Fukushima Prefecture: Wikis

Advertisements
  
  
  

Note: Many of our articles have direct quotes from sources you can cite, within the Wikipedia article! This article doesn't yet, but we're working on it! See more info or our list of citable articles.

Encyclopedia

From Wikipedia, the free encyclopedia

Fukushima Prefecture
Japanese: 福島県
Fukushima-ken
Map of Japan with Fukushima highlighted
Capital Fukushima (city)
Region Tōhoku
Island Honshū
Governor Yūhei Sato
Area (rank) 13,782.54 km² (3rd)
 - % water 0.9%
Population  (January 1, 2003)
 - Population 2,119,218 (17th)
 - Density 154 /km²
Districts 13
Municipalities 61
ISO 3166-2 JP-07
Website www.pref.fukushima.jp/
index_e.html
Prefectural Symbols
 - Flower Nemotoshakunage (Rhododendron brachycarpum)
 - Tree Japanese zelkova (Zelkova serrata)
 - Bird Narcissus Flycatcher (Ficedula narcissina)
 - Fish {{{Fish}}}
Symbol of Fukushima Prefecture
Symbol of Fukushima Prefecture
Template ■ Discussion ■ WikiProject Japan
Map of Fukushima Prefecture.

Fukushima Prefecture (福島県 Fukushima-ken ?) is a prefecture of Japan located in the Tōhoku region on the island of Honshū. The capital is the city of Fukushima.

Contents

History

In the 4th century, Fukushima was incorporated into the Yamato Province, Japan's first unified nation.

The Shirakawa Barrier and the Nakoso Barrier were built around the 5th century to protect 'civilized Japan' from the 'barbarians' to the north. Fukushima became a Province of Mutsu after the Taika Reforms were established in 646.[1]

The province of Fukushima was conquered by Prince Subaru in 1293. This region of Japan is also known as Michinoku and Ōshū.

The Fukushima Incident took place in the prefecture after Mishima Michitsune was appointed governor in 1882.

Geography

Fukushima is the southernmost prefecture of Tōhoku region, and the closest to Tokyo. It is divided by mountain ranges into three regions called (from west to east) Aizu, Nakadōri, and Hamadōri.

The coastal Hamadōri region lies on the Pacific Ocean and is the flattest and most temperate region, while the Nakadōri region is the agricultural heart of the prefecture and contains the capital, Fukushima City. The mountainous Aizu region has scenic lakes, lush forests, and snowy winters.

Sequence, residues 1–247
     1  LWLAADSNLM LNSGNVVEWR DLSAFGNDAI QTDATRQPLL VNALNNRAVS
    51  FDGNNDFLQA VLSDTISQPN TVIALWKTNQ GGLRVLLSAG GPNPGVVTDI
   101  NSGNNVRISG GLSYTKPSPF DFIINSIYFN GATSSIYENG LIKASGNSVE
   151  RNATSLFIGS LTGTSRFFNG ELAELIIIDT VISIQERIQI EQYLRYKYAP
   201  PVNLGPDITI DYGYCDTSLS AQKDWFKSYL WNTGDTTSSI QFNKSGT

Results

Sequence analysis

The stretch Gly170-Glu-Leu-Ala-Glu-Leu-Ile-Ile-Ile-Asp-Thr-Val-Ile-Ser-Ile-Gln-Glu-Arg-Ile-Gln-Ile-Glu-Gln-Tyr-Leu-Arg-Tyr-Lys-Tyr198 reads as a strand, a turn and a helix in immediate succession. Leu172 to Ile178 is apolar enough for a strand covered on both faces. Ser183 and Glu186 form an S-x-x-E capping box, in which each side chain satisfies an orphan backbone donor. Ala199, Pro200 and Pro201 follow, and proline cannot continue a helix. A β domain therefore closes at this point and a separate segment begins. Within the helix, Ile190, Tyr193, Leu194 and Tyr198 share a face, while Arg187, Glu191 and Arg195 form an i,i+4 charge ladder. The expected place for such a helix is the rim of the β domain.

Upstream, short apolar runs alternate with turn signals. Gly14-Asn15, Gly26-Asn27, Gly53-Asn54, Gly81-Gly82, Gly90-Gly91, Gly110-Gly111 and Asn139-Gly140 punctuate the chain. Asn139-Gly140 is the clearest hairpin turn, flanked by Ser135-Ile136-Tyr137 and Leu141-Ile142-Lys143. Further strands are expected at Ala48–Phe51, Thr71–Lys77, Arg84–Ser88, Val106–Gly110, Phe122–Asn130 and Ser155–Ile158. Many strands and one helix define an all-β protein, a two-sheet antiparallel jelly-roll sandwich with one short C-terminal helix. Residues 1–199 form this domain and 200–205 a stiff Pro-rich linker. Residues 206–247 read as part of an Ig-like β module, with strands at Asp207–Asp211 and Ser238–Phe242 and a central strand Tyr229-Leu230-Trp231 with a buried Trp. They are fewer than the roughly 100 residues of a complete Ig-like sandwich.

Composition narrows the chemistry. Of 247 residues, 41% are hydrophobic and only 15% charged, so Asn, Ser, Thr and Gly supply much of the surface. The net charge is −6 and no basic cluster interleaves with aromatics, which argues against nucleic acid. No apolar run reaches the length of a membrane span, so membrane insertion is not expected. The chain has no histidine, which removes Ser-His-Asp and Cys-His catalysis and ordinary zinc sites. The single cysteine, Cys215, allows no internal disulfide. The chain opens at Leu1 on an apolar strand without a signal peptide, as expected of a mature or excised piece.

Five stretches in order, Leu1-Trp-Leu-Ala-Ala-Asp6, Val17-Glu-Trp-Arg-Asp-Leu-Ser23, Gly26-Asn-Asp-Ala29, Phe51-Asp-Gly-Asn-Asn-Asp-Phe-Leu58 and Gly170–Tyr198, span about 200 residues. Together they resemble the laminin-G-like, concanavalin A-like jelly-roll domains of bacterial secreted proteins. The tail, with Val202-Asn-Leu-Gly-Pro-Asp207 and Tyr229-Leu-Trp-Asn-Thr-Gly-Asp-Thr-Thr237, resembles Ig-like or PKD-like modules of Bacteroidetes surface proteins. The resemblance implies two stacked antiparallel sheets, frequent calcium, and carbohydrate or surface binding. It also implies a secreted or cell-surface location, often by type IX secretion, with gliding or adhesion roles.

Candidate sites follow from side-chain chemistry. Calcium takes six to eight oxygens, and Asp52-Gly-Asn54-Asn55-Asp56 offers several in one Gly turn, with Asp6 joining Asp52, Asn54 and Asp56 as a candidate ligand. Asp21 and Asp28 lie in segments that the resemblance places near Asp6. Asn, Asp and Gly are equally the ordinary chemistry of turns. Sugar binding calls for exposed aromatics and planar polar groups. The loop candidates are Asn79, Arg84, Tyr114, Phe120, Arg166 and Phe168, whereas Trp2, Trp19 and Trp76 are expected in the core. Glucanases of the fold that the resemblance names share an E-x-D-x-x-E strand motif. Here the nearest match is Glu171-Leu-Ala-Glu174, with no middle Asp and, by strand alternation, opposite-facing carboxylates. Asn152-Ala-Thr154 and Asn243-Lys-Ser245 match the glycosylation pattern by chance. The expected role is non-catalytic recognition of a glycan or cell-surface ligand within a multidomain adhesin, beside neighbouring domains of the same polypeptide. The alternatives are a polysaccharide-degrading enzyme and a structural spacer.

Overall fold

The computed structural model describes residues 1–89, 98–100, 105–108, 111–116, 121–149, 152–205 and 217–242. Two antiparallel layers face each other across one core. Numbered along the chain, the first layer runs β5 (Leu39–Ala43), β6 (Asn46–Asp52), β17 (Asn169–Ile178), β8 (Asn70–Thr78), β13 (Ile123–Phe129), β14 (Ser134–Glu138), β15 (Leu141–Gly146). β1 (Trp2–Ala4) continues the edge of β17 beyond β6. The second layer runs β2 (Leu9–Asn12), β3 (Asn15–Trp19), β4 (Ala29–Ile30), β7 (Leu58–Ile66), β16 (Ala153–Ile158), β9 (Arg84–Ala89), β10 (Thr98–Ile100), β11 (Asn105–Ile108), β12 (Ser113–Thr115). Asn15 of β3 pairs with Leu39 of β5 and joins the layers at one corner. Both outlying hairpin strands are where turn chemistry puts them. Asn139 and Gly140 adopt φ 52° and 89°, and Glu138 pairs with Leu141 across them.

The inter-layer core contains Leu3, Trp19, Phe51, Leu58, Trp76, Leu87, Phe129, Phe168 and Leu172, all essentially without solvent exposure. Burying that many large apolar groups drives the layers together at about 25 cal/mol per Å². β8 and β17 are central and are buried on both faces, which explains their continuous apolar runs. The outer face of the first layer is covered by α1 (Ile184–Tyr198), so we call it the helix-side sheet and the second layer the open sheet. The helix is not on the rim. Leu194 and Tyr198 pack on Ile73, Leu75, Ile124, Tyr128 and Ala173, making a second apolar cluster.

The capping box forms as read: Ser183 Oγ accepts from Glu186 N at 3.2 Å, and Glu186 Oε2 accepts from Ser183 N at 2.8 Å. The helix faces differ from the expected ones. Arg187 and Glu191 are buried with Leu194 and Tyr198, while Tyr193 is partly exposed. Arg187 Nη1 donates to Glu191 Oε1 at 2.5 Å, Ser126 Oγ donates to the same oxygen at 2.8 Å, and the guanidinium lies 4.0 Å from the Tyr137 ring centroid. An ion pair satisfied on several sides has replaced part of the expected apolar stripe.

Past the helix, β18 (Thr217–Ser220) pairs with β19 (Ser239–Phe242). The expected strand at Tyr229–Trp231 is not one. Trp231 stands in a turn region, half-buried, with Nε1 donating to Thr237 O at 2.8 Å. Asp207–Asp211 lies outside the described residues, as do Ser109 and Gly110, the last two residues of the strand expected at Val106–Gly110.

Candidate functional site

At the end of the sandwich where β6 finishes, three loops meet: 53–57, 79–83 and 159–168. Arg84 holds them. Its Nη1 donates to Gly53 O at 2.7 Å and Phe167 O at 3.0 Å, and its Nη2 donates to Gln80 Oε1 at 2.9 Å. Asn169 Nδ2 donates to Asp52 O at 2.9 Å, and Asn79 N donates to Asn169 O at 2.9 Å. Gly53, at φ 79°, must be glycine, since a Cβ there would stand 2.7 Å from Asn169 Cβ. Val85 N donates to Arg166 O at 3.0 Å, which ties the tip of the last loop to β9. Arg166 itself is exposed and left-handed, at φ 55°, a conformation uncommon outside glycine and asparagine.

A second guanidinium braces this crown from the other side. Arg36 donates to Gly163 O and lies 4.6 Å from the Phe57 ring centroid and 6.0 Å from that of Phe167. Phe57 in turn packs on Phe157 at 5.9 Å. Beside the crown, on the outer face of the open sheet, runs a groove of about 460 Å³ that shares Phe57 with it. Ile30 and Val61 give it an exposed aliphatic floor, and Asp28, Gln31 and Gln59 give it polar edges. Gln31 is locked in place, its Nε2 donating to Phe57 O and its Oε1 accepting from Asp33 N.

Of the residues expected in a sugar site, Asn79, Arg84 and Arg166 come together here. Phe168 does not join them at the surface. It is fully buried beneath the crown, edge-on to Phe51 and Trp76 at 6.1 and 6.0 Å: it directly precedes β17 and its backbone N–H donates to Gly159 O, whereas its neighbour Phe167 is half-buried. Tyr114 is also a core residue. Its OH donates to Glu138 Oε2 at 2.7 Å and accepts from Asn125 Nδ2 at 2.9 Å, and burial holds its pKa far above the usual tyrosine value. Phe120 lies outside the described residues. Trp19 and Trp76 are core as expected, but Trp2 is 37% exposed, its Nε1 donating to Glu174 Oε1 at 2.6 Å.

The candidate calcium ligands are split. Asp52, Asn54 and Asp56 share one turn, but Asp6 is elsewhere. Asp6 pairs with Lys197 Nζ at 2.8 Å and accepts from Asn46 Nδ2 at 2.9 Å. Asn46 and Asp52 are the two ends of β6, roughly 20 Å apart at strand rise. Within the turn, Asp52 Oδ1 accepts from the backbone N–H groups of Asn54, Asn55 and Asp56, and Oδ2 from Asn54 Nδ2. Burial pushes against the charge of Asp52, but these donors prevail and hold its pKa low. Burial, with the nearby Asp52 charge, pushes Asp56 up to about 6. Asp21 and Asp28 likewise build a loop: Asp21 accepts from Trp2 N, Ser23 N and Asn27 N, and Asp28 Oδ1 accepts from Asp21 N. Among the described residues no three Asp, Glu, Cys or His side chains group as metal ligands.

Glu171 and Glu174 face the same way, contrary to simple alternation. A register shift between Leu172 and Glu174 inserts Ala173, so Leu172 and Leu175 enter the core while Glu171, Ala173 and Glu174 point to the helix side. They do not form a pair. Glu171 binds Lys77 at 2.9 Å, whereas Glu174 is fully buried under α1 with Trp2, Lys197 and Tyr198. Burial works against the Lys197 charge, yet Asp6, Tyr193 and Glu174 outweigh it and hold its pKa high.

Advertisements

Cities

Thirteen cities are located in Fukushima Prefecture:

Towns and villages

Towns and villages in each district:

Ōtama
Kawamata
Kōri
Kunimi
Futaba
Hirono
Katsurao
Kawauchi
Namie
Naraha
Ōkuma
Tomioka
Hanawa
Samegawa
Tanagura
Yamatsuri
Asakawa
Furudono
Hirata
Ishikawa
Tamakawa
Kagamiishi
Tenei
Aizubange
Yanaizu
Yugawa
Hinoemata
Minamiaizu
Shimogō
Tadami
Izumizaki
Nakajima
Nishigō
Yabuki
Aizumisato
Kaneyama
Mishima
Shōwa
Iitate
Shinchi
Miharu
Ono
Bandai
Inawashiro
Kitashiobara
Nishiaizu

Mergers

Future mergers

  • The towns of Kawamata and Iino from the Date District are scheduled to be annexed by the city of Fukushima on July 1, 2008. However, the assembly of Kawamata voted to object to the merger on September 15, 2006, which may lead to the cancellation of this merger.

Economy

The coastal region traditionally specializes in fishing and seafood industries, and is notable for its electric and particularly nuclear power-generating industry, while the upland regions are more focused on agriculture.

The capital region has a strong industry in software and electronics.

Demographics

Culture

Legend has it that an ogress, Adachigahara, once roamed the plain after whom it was named. The Adachigahara plain lies close to the city of Fukushima.

Tourism

Aizuwakamatsu was the site of an important battle in the Boshin war, during which 19 teenage members of the Byakkotai committed ritual seppuku suicide. Their graves on Mt. Iimori are a popular tourist attraction.

Mount Bandai, in the Bandai-Asahi National Park, erupted in 1888, creating a large crater and numerous lakes, including the picturesque 'Five Coloured Lakes' (Goshiki-numa). The area is popular with hikers and skiers.

Famous people

Kitakata is well known for its distinctive Kitakata ramen (Chinese noodles) and well-preserved traditional storehouse buildings, while Ouchijuku in the town of Shimogo retains numerous thatched buildings from the Edo Period.

References

  • Takeda, Toru; Hishinuma, Tomio; Oguma; Takiguchi, R. (July 7, 2001), Fukushima - Today & Tomorrow, Aizu-Wakamatsu City: Rekishi Shunju Publishing Co., ISBN 4-89757-432-3  
  1. ^ Takeda T., page 10.
  2. ^ Hideyo Noguchi Africa Prize

External links

Coordinates: 37°24′N 140°28′E / 37.4°N 140.467°E / 37.4; 140.467


Simple English

Fukushima Prefecture (福島県, Fukushima-ken?) is located in the Tōhoku region on the island of Honshū, Japan, approximately 300 km north of Tokyo. The capital is the city of Fukushima.


Advertisements






Got something to say? Make a comment.
Your name
Your email address
Message